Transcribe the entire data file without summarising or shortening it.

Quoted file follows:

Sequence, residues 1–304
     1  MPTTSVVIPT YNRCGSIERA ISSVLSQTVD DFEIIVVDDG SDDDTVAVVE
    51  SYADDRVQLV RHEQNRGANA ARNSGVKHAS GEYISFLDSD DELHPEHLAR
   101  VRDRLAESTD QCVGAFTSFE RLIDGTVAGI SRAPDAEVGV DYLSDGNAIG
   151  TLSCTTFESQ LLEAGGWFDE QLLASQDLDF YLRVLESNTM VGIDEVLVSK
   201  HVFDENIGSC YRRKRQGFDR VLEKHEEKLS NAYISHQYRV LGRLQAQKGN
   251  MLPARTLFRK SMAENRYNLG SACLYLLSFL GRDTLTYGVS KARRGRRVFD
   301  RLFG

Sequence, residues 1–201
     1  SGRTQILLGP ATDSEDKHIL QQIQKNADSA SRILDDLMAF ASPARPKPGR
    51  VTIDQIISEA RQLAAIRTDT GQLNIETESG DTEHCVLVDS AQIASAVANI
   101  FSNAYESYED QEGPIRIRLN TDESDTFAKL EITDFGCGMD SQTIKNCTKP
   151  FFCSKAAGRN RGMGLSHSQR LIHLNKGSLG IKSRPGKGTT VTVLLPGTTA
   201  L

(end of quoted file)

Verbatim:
Sequence, residues 1–304
     1  MPTTSVVIPT YNRCGSIERA ISSVLSQTVD DFEIIVVDDG SDDDTVAVVE
    51  SYADDRVQLV RHEQNRGANA ARNSGVKHAS GEYISFLDSD DELHPEHLAR
   101  VRDRLAESTD QCVGAFTSFE RLIDGTVAGI SRAPDAEVGV DYLSDGNAIG
   151  TLSCTTFESQ LLEAGGWFDE QLLASQDLDF YLRVLESNTM VGIDEVLVSK
   201  HVFDENIGSC YRRKRQGFDR VLEKHEEKLS NAYISHQYRV LGRLQAQKGN
   251  MLPARTLFRK SMAENRYNLG SACLYLLSFL GRDTLTYGVS KARRGRRVFD
   301  RLFG

Sequence, residues 1–201
     1  SGRTQILLGP ATDSEDKHIL QQIQKNADSA SRILDDLMAF ASPARPKPGR
    51  VTIDQIISEA RQLAAIRTDT GQLNIETESG DTEHCVLVDS AQIASAVANI
   101  FSNAYESYED QEGPIRIRLN TDESDTFAKL EITDFGCGMD SQTIKNCTKP
   151  FFCSKAAGRN RGMGLSHSQR LIHLNKGSLG IKSRPGKGTT VTVLLPGTTA
   201  L